Tennessee avian flu outbreak has Georgia chicken farmers on high alert
MACON, Ga. -- After a strain of avian flu broke out at a commercial chicken breeder in Tennessee, the Georgia Department of Agriculture is on high alert.
Georgia Department of Agriculture Commissioner Gary Black said that the strain of avian influenza that affected chickens in Tennessee, H7, is a highly pathogenic strain of the disease, meaning it could have terrible affects on affected flocks.
Black said that as the United States' No. 1 poultry producing state, Georgia is keeping a close eye on the avian flu situation. He said that an outbreak in Georgia could mean a huge economic impact on the state in addition to a possible loss of jobs.
He said that the Department of Agriculture is urging all commercial chicken farmers to take extra biosecurity measures to protect their flocks, including limiting contact of non-employees with the chickens, disinfecting trucks that are going in and out of the farms and preventing chickens from drinking from outdoor water sources such as lakes and streams.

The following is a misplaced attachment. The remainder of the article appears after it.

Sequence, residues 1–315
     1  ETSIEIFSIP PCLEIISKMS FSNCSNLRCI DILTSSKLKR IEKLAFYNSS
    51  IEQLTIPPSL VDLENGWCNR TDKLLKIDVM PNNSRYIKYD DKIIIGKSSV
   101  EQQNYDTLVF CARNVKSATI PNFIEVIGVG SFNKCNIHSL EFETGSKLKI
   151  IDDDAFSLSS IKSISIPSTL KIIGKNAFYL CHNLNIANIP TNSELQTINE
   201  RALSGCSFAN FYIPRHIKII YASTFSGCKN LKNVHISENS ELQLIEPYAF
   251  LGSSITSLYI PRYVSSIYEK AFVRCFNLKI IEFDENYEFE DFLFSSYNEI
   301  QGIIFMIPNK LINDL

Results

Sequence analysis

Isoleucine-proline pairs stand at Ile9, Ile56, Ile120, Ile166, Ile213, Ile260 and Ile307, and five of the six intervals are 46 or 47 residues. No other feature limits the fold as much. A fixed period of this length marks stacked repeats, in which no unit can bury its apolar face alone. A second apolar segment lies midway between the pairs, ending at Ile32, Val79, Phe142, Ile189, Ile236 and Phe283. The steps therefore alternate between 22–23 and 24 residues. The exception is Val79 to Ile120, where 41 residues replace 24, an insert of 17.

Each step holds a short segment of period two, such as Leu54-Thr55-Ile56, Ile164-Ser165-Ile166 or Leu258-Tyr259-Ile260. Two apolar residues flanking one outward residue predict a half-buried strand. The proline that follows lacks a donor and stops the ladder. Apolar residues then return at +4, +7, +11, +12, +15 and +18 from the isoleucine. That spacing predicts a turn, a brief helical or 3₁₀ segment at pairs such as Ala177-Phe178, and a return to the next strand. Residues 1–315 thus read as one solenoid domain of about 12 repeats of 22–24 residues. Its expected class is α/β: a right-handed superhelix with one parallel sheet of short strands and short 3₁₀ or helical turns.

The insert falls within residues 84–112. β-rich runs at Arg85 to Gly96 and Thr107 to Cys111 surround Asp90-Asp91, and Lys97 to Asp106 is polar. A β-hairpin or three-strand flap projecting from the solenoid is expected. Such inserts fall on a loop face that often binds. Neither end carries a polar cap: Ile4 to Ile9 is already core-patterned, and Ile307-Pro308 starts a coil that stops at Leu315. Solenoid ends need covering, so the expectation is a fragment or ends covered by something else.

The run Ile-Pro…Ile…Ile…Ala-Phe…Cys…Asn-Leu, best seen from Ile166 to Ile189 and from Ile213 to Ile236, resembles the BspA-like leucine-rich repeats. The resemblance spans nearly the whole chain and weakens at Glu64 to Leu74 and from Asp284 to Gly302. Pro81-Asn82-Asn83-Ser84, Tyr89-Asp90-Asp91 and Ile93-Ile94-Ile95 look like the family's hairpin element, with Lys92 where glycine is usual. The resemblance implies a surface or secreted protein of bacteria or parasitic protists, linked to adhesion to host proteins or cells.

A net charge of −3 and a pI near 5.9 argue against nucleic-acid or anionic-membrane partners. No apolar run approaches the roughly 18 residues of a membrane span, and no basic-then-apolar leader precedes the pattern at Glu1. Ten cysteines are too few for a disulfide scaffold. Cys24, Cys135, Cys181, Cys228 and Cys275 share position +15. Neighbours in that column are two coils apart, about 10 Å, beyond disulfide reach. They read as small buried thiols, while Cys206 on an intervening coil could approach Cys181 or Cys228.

Black said that the main carrier of the avian flu is water fowl, so if a chicken comes in contact with water that was contaminated by a duck or goose carrying H7, it could be catastrophic for the flock.
He said it is important not only for large commercial breeders to take these precautions, but small family-owned farms as well.